Is This Crypto Rally Actually Different?
The importance of taking a wider view
👋 Welcome to the 46th issue of The Syllabus from Invisible College—a newsletter that helps you navigate the fast-moving world of web3. To get it delivered straight to your inbox, subscribe here:
If you’ve followed crypto price charts this year, you might be wondering if we’re at the beginning of another bull market run. It’s understandable since at the time of writing, BTC is up 29% and ETH is up 26% on the year. And, believe it or not, they’ve also gained back all of their post-FTX losses:
The rally has been largely fueled by a gigantic short squeeze, meaning traders took out leverage to short assets (i.e. betting they were going to go down in price) and they got liquidated because the price increased too quickly. The large red bars in the image below show that short positions have been getting liquidated at about twice the rate of long positions so far this year.
Crypto bulls will also point out other understandable things, including the fact that many of the largest sources of leverage (3AC, Alameda, and other CeFi companies) have been flushed out of the market, increased trading activity in the NFT sector, and how the total crypto market cap is over $1T again.
This all paints a fairly rosy picture of the current state of crypto. It took a big hit when FTX went down—even though FTX was not crypto—and it recovered fairly quickly. Most of the bad actors are licking their wounds. And Yuga Labs is back making waves in NFTs.
But they’re missing the forest for the trees.
It’s very easy to have a myopic view when following crypto. The markets are 24/7, prices are volatile on a day-to-day basis, crypto Twitter is constantly dishing out hot takes, and the news cycle is relentless. But crypto is also only a tiny part of a much, much larger overall market.put it into perspective well during our last DeFi Friday talk on Twitter Spaces:
The crypto market has been hovering around one trillion for the last month or so. That’s about the same size as Amazon—one US company.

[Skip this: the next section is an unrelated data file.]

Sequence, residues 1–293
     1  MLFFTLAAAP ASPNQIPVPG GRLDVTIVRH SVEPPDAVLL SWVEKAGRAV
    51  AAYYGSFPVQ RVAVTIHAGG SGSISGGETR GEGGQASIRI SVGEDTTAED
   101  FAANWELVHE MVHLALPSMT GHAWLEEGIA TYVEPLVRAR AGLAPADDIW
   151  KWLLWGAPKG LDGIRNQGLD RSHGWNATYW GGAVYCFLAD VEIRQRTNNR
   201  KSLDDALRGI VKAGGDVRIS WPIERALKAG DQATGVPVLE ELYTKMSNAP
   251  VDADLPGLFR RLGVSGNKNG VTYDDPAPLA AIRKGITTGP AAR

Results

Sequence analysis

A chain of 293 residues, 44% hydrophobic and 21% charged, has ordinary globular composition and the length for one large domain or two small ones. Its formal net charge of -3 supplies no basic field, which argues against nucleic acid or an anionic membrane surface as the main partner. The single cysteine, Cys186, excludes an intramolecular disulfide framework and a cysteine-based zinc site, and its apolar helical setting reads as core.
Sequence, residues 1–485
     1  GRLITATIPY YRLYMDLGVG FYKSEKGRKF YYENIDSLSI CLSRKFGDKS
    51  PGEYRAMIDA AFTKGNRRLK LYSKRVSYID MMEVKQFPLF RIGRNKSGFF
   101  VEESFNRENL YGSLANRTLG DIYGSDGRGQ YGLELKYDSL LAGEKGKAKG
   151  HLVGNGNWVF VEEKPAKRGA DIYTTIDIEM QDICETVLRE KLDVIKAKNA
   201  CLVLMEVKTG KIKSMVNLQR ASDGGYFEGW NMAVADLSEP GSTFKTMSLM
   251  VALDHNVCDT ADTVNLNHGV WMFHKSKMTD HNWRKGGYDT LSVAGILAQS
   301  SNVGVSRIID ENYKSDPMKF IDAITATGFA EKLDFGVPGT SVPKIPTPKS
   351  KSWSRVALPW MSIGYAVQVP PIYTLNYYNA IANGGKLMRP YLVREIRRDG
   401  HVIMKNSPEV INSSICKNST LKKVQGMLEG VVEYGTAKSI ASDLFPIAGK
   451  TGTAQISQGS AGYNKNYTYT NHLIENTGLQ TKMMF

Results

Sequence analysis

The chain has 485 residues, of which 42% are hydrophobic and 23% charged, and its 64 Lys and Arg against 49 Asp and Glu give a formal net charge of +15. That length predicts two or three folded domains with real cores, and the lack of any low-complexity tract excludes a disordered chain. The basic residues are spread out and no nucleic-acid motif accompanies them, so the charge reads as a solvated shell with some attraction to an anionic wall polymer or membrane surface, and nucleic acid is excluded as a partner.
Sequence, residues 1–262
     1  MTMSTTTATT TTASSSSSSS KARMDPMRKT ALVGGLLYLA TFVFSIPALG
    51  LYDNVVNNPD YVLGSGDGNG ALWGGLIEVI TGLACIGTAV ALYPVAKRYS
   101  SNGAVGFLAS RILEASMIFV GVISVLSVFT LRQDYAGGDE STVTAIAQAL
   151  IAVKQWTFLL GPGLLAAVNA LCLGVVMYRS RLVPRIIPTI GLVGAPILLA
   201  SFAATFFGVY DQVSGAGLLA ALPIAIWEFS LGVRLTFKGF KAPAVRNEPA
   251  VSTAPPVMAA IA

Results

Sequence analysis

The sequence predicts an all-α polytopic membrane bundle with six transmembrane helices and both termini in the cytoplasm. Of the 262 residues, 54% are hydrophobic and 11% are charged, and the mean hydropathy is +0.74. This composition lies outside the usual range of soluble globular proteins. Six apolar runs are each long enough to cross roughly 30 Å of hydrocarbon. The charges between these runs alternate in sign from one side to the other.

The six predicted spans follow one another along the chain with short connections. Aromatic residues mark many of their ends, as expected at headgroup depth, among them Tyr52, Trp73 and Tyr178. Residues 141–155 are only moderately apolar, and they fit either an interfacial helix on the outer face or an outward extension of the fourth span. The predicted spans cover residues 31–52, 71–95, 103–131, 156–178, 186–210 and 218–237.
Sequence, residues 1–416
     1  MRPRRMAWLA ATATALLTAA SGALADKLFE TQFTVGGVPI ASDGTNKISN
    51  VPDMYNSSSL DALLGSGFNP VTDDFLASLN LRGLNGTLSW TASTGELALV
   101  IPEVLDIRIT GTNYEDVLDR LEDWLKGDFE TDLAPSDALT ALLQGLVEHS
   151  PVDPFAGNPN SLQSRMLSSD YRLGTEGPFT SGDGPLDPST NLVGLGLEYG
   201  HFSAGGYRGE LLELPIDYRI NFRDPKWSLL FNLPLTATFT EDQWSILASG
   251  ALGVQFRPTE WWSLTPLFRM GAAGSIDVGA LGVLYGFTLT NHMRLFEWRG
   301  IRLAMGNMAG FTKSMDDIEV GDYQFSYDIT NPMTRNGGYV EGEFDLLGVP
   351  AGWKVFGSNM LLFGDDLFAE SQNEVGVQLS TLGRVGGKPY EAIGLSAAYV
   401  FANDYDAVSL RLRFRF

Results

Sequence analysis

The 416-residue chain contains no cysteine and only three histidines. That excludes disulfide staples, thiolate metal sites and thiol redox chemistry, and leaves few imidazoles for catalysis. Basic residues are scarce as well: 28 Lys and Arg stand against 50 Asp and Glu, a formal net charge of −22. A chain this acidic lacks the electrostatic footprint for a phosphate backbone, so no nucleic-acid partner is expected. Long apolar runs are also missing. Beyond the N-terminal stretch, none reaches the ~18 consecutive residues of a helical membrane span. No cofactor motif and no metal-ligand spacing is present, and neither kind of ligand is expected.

To which I responded with:
The sad thing is that the crypto market used to be about three Amazons.
Sure, we’ll see random altcoins that pump in price and seem to defy the wider market narrative. But, for the most part, the crypto market will follow equity market movements.
How are the equity markets doing?
Well, at first glance they look healthy. The DOW is up a little over 1% on the year, the S&P 500 is up over 4%, and the NASDAQ is up over 9%. The good times are back then, right? Not so fast.
In 2022, we saw the Fed implement the fastest interest rate hikes in history:
Shout-out to for sharing this graphic in his recent Substack post.
You might look at the fine print in that chart and think, “Wait, this data is from September of last year. Hasn’t the Fed slowed down the pace of rate hikes?” And, yes, that would be true. But they are also still raising rates because inflation is still a huge problem. The U.S. inflation rate is at 6.454%, over 3x higher than the Fed’s optimal target of 2%.
The average American is feeling the pain of inflation at home. While overall inflation is 6.454%, food is over 10% and energy (i.e. gasoline) is over 7% from this time last year, hitting people hard on their most basic needs.
The vast majority of people are not thinking about dollar-cost averaging into Bitcoin or buying a Sewer Pass to play the new Yuga Labs Dookey Dash game.
The good news is that inflation is trending in the right direction, which is why the Fed has been easing off on the aggressiveness of their rate hikes. But it’s too early to celebrate and call this a bottom.
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Is this a bull trap?
A bull trap is another term for a short-term rally. In other words, a period of time when the market looks bullish but the overall long-term trend is bearish.
Remember the Coingecko screenshot at the beginning of this post that showed how ETH has regained the losses caused by the FTX blowup? Here’s what ETH looks like since it hit its all-time high of ~$4,700 back on November 9th, 2021:
Does this latest rally look like a true bull run to you now? The overall trend doesn’t look great—a steep downturn followed by a lot of choppiness. If anything, it looks like the markets have gone through a mean-reversion rally, which basically means we’re back to the levels we were at before the FTX mess, but it also means prices aren’t likely to head back up for a prolonged bull run.
Despite it feeling like we’re in a recession (stock prices are down a ton from all-time highs, the tech sector is laying off people left and right, etc.), we technically aren’t yet. But some macro market experts are predicting we will officially be in one later this year. And that doesn’t bode well for crypto assets since they’re some of the riskiest, most volatile assets you can invest in.
For a true bull run to happen, the crypto market needs new entrants—or even past investors, traders, and collectors to reenter. They could be institutions or your friends and family. But with stories such as a prominent crypto OG with millions of Twitter followers losing $2M+ in NFTs and tokens, don’t expect a large influx of new people anytime soon.
As always, none of this should be construed as financial advice. Please do your own research.
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